The New Yorker has an interesting piece about the state of speech synthesis and voice recognition. Decades after the original notion of the “conversational computer” was first conceptualized, where are we?
Turns out, we’re not as far along as we thought we’d be. Scientists and researchers found out the hard way that modeling speech is waaaaaay harder than anyone thought it would be. Don’t go throwing that keyboard away just yet.
A fascinating read — we’ve come so far, and yet we are still so far away from the original vision of the talking computer.
Just happened upon a story from the University of Washington News describing a project to build a web-based screen reader — called WebAnywhere — to allow the visually impaired to surf the web.
Most people have heard of or even tried screen readers like Jaws. The problem with software like Jaws is that it must be installed and run on the computer a visual impaired person is using. This can be inconvenient if someone is traveling, or is otherwise away from home or work.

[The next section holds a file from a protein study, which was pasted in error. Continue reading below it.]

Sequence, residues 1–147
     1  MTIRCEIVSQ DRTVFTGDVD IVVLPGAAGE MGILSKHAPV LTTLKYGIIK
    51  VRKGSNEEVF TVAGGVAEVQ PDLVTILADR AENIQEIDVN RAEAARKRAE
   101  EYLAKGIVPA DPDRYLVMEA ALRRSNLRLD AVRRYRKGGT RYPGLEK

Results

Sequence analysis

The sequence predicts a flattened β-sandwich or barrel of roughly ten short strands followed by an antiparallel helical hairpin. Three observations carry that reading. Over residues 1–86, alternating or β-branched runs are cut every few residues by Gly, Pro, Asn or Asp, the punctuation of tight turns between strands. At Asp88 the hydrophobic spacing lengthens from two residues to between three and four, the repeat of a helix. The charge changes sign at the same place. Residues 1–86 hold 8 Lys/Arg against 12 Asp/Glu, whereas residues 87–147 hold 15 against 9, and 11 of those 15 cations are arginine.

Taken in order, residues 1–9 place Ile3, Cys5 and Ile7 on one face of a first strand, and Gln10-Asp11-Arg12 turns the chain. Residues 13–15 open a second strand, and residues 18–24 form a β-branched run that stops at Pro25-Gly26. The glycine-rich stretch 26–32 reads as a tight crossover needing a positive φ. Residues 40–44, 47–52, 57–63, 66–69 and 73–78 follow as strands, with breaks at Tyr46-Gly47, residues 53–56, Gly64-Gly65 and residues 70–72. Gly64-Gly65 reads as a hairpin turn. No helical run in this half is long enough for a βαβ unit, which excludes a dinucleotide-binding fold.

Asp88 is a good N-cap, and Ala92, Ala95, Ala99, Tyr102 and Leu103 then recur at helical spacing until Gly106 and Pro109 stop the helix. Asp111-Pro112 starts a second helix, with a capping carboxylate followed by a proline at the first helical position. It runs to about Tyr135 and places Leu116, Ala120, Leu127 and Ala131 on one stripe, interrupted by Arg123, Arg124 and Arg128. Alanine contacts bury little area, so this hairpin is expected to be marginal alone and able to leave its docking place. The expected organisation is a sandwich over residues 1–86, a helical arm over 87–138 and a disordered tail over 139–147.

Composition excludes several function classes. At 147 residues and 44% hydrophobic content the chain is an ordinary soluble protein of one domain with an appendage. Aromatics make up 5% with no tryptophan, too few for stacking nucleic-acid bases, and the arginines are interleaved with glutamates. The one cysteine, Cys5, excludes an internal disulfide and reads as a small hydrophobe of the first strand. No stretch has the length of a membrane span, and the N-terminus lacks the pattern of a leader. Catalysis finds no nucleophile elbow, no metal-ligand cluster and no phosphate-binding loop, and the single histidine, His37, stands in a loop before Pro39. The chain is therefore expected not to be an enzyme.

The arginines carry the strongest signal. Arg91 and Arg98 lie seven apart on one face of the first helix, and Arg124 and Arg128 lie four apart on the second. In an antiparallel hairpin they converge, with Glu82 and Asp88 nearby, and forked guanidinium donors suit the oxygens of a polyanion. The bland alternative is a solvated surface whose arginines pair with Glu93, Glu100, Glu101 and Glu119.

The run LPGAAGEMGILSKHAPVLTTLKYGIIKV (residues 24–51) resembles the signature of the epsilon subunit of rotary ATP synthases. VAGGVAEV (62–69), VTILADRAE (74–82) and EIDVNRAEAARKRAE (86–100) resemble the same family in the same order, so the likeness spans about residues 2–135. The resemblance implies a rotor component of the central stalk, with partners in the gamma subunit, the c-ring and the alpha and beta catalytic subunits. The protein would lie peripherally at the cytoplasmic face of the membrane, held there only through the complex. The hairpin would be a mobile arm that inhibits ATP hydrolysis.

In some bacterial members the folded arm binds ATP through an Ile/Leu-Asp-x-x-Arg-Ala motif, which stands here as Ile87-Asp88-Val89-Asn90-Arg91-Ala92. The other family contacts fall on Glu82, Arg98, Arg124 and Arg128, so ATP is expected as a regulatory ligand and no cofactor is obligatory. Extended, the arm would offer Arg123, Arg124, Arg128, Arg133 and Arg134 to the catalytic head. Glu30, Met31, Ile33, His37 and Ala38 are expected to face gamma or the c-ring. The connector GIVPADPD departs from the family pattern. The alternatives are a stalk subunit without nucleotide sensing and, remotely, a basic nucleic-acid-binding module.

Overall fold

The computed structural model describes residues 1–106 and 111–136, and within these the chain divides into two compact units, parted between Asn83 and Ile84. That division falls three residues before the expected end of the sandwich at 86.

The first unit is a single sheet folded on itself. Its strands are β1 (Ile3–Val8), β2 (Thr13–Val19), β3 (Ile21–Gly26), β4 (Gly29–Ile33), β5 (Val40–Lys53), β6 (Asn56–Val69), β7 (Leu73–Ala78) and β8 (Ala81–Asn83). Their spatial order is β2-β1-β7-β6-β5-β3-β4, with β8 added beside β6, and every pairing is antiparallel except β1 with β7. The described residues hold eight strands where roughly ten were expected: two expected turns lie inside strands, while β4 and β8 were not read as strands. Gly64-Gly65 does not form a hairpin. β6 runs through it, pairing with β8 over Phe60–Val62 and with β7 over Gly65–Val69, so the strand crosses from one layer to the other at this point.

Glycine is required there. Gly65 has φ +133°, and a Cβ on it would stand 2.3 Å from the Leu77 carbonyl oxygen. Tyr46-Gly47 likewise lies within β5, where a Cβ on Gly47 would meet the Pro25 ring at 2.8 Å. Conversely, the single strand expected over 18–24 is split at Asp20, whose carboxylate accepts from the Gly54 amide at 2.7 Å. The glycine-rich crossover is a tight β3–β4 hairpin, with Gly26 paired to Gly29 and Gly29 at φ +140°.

WebAnywhere is different in that it is web-based, so there is no software to install. Any computer can be made more accessible to the visually impaired as long as it has a browser. The software that runs WebAnywhere is available for review from Google Code.
This sounds like an outstanding project — I’ll have to pull the source code down and take a look at it.
It looks like a group of local investors may pick up where EarthLink left off.
This is good news, but more work is still needed to complete the network:
“We’re not anywhere near close to delivering a full service yet,” said local entrepreneur Richard A. Rasansky, who is on the board of the new company [that will take over the network]. “The network is not completed. It’s not so much a problem with how it’s built, it’s that it’s currently unbuilt.”